Here’s why I’m dubious of that story. In 1803, those boys, along with others, formed the Onslow Company and invested more time and money into digging deeper in the pit. If the boys had already removed three chests, they might have gotten it all and there would be no reason to look any deeper. Oh, I know what you’re thinking. If they found the chests buried each one deeper than the last, they might believe there was a fourth or a fifth, but to this point there is no evidence of that…

Which makes me think that tablet found at the 90 foot level was a hoax created by one of the land owners to increase the value of his land or by an investor to keep people interested in providing more money and coming back to the island. That tablet no longer exists though there are pictures of it but no photographs.

Second, the sisters had a small wooden box they kept in what looked like a velvet bag. Inside the box was a small golden cross that was said to be part of the treasure found by McGinnis so long ago. The Lagina boys thought that this was the first tangible evidence that there was treasure hidden in the “money pit” but all it really proved was that someone in the family had this cross that had been handed down through a couple of generations. There was nothing to attach it to the “money pit” other than family legend which could have been nothing more than family legend… or in other words, we don’t really know that it was found in a box of treasure removed from Oak Island. The Lagina boys didn’t seem to consider this. They accepted the story at face value but given their reactions to other important discoveries that isn’t much of a surprise.

After the sisters left the war room, the Lagina boys and their pals returned to the hole they had bored a couple of weeks earlier and by that I mean it was a couple of weeks for the show but might have been more time for them. Anyway, they brought out a guy with a small, HD video camera that he used to inspect pipes for damage. They lowered the camera into the hole and into the void their drilling had found. In the end, they saw some glints in the murky water that seemed to have a golden glow to it. This, they thought, was evidence of treasure down there, in the original “money pit” that had been buried too deep for the boys with only shovels to get in 1795 or too deep for the others who had been digging there because of the water that suddenly flooded the pit at about the 90 foot level.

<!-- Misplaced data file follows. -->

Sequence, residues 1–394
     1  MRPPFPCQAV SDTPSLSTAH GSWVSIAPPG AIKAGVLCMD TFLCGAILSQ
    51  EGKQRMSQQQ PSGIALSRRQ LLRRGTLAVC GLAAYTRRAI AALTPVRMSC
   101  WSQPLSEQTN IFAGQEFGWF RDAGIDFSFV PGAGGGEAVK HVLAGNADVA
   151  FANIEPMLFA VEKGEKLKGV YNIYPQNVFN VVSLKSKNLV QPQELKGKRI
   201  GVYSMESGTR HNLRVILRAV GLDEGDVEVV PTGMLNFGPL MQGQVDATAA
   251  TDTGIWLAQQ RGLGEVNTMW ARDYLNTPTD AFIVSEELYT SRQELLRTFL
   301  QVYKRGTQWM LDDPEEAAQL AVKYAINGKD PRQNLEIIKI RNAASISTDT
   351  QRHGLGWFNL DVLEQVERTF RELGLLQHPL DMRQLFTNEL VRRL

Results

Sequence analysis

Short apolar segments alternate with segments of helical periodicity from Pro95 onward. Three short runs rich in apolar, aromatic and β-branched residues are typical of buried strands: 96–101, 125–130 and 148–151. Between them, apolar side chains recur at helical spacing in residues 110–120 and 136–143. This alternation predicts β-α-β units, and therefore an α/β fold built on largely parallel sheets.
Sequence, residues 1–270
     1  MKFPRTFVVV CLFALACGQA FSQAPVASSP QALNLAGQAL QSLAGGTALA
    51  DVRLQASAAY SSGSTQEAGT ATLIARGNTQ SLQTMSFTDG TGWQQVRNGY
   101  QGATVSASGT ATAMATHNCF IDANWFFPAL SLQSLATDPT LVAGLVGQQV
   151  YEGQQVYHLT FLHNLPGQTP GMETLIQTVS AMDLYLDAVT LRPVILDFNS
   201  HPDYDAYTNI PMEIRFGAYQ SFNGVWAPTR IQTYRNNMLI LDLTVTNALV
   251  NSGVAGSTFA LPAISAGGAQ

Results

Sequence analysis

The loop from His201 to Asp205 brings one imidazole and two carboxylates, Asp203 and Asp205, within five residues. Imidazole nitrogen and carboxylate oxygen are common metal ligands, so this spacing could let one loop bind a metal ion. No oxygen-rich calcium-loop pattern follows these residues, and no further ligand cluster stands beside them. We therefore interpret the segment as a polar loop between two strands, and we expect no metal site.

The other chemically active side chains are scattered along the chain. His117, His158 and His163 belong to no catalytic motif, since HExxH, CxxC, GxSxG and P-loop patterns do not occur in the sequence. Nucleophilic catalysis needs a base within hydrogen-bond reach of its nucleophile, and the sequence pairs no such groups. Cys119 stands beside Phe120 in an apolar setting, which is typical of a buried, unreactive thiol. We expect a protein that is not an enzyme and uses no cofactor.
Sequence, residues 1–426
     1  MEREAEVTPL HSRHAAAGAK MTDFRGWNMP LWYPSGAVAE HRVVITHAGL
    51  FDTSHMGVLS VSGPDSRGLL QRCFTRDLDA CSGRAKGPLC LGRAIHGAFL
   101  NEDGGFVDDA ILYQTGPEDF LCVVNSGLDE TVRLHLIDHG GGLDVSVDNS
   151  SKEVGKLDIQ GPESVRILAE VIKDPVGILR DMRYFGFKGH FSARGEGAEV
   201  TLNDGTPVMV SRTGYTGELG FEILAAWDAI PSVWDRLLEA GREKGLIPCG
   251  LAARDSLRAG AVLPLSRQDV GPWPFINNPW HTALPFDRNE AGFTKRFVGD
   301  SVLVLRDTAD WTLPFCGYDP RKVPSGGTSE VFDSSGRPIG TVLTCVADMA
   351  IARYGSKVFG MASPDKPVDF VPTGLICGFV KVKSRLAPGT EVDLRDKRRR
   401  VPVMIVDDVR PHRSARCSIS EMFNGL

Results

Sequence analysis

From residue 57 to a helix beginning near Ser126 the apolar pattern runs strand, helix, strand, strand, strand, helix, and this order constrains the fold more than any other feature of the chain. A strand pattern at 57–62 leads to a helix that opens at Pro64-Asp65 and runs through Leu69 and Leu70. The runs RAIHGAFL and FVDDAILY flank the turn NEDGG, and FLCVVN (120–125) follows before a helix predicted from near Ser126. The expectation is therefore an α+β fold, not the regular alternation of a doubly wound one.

And let’s not forget that when they drilled this hole they pulled up a bit of metal that excited them but looked more like a tiny piece of shrapnel than anything else. It didn’t seem to be made of a precious metal. Just a tiny bit of debris that could have easily been the result of other attempts to find treasure.


In the end of the show and the end of the season, they were sitting in the war room, trying to decide if it was worth the effort and money to attack the main money pit. They talked about throwing in the towel, but why do that when History was ready to fund another season. Although they tried to draw out the suspense but to no one’s surprise, they all voted to return next season… I mean next year to dig up the money pit. It is a fun summer vacation and you have the bonus of being on TV. What I don’t understand is why they wasted all this time and effort to explore Bore Hole 10 X when the treasure was allegedly in the “money pit.” Well, it did make for some dynamic television if nothing else.

Thursday, January 28, 2016

Chiles and Whitted Revisited

Although I was working on another project, this Chiles-Whitted thing is beginning to get out of hand, so I thought I’d just run through it again based on the Project Blue Book files, various newspaper reports from the time, and what has been said
Chiles' Drawing
about the case in the years since by a number of UFO writers. There has been some evolution in the sighting details over the years but I’m not completely sure the blame can be laid at the feet of Chiles or Whitted. Their statements, for the most part, have remained consistent.

According to the documentation, gathered in the hours after the sighting, Captain Clarence S. Chiles and John B. Whitted were flying an Eastern Airlines DC-3 at
Whitted's Drawing